I’m sorry to everyone who’ve lost a loved one to this cancer. I’m sorry to everyone who’ve lost a loved one in general. I know the pain of losing a loved one very well, as I lost two in 2012, although it wasn’t depression related.

My nephew was killed, but I will always remember the time that he sat next to me for an evening, trying to cheer me up. It was many years before his death and I was in the middle of my critical stage in depression at that time. I remembered that he was making silly jokes and trying to get me to laugh, but all I could think about was my next suicide attempt and my pain.

Picture: anime carrying you.At one point, I said to him, “I’m sorry that you have such a messed up aunt.” He gave me the biggest hug ever, with a bright smile, and said “No! You’re my favorite aunt!” I continue to fight for my happiness for myself, but I also continue to fight for him, in his memory. Thank you, Robert, for being my favorite nephew. ^_^

Thanks for reading and please be kind to yourselves!

-D

Eye Frustrations!

DarkCatThis is a warning in advance: The following is just my frustrated rants over my eye issues and it is a little depressing. However, I feel like getting some things off my chest and since I have a blog… Please feel free to skip this one, as it’s a bunch of whining and a slight pity party! Don’t worry, I totally understand! ^_^v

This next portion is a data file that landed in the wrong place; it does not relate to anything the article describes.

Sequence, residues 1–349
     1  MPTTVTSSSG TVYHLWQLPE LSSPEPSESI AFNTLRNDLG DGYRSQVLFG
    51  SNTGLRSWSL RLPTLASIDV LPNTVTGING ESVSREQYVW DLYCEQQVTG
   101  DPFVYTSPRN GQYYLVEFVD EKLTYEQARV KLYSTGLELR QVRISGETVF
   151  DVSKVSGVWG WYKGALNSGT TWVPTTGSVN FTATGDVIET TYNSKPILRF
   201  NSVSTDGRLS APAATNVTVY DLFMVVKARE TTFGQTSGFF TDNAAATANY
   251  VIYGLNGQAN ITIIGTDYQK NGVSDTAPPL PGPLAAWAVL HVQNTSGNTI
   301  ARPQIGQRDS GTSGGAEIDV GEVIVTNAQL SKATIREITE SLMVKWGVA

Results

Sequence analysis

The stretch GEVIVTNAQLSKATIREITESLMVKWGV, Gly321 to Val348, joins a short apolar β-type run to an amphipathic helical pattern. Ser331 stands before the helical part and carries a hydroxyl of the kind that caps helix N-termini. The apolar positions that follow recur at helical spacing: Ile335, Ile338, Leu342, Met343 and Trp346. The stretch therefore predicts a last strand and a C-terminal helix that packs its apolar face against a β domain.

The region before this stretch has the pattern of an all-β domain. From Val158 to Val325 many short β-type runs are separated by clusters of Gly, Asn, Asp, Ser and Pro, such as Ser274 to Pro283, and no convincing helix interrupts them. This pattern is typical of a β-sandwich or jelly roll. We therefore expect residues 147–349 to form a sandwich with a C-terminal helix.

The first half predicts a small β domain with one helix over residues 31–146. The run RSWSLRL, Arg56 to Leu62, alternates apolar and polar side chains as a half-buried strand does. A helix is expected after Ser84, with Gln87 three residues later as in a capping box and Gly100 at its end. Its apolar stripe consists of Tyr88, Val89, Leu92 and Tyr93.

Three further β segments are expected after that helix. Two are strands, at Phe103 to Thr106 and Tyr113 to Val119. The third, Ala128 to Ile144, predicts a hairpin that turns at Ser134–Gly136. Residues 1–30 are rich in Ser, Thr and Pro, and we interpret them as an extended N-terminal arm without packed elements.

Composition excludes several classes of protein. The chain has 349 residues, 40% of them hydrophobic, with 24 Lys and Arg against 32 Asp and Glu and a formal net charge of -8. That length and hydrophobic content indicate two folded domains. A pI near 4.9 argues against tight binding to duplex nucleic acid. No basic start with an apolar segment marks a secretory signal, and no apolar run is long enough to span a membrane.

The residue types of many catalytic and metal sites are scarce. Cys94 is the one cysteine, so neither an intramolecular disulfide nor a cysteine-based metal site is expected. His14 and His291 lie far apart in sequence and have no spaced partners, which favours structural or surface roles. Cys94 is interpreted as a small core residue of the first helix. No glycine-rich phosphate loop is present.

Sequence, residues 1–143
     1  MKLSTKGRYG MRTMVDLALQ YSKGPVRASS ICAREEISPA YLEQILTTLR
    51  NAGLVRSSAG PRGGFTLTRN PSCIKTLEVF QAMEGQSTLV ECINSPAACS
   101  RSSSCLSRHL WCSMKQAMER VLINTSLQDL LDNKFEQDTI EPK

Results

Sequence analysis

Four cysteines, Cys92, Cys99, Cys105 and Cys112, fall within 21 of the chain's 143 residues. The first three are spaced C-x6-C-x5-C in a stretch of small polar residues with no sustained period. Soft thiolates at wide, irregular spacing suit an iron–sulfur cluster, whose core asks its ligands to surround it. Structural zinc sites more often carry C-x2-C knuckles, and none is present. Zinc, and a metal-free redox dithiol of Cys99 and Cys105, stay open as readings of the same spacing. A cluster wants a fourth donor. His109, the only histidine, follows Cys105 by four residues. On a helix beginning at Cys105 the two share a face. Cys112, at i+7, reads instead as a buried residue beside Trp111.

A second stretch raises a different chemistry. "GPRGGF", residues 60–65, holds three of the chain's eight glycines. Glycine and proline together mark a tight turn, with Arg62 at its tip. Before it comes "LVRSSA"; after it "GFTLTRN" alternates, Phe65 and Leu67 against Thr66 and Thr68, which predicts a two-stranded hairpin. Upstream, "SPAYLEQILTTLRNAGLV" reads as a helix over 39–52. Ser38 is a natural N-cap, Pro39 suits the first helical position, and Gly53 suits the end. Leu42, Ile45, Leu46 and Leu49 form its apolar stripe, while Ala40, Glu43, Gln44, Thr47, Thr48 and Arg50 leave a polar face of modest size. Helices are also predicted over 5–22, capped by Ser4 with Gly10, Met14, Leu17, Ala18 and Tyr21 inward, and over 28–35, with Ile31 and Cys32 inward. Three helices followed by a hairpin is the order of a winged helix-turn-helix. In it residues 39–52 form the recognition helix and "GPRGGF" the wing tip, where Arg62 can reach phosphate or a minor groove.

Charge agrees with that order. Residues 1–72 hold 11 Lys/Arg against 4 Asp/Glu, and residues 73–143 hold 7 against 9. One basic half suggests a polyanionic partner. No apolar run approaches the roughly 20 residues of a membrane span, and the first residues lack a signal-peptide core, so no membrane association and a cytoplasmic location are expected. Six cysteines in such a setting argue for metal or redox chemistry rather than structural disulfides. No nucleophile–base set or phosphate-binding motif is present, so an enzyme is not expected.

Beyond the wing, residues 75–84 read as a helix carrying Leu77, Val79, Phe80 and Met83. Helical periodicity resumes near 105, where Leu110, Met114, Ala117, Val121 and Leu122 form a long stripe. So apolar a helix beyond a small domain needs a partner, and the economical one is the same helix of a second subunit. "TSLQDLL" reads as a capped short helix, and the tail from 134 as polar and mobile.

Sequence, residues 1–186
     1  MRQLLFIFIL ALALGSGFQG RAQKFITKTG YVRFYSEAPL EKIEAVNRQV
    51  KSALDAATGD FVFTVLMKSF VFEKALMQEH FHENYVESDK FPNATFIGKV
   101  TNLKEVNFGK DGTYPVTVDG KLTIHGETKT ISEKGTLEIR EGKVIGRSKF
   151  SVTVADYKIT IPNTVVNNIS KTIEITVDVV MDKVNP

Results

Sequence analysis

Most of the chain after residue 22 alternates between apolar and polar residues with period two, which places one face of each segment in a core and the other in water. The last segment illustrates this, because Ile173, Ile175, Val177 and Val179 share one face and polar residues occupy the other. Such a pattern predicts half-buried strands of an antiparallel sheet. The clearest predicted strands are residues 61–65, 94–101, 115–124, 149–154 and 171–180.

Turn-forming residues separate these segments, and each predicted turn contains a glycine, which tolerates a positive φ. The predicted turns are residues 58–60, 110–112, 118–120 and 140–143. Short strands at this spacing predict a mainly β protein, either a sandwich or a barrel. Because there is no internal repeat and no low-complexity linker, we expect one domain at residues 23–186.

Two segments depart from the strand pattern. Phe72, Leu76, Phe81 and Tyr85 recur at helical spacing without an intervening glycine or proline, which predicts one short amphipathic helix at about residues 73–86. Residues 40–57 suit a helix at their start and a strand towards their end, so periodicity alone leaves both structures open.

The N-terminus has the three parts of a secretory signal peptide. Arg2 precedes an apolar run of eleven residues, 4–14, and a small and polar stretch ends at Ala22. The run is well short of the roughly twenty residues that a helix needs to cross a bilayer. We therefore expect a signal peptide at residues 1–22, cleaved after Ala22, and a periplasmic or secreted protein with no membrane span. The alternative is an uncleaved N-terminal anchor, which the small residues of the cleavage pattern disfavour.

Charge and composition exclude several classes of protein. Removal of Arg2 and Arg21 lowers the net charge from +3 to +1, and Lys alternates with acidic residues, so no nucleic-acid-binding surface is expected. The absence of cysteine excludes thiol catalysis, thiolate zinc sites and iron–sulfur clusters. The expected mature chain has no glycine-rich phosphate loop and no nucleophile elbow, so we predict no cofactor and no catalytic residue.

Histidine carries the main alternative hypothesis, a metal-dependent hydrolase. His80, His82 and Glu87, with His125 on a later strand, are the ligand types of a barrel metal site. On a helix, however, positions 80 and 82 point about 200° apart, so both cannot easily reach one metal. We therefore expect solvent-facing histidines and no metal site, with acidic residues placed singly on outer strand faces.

I have written a few posts about my condition called “Keratoconus”, so I’ll not mention the details of that again for rambling sake. There is a procedure to stop the progressive damage of Keratoconus, called “Corneal Crosslinking” (CXL). The procedure doesn’t “cure” the disease, but it has a 98% success rate of stopping the disease in its tracks and a 60% chance of improving eyesight by one or more lines. In other words, it’s the most idea surgery for those suffering with Keratoconus.

The other option is a corneal transplant, which is more invasive and has a lower success rate. This procedure is done with donor tissue and it works just like any other transplant. A person must be really bad off in their eyesight, in order to be considered for the transplant list. Also there is a risk of rejection or getting donated tissue that isn’t well off to begin with. One of the risks of corneal transplant is vision problems… which seems to defeat the point, I think.

So, the best answer to choose is CXL… right? Well, unfortunately in the US, CXL is not FDA approved. The only way to get this procedure is through clinical trial and it cost four thousand dollars to do (sometimes a bit more in other states). No insurance in the US will cover this procedure, because it’s not FDA approved, so this means that patients have to pay this price out of pocket.  Ai-yi….  u_u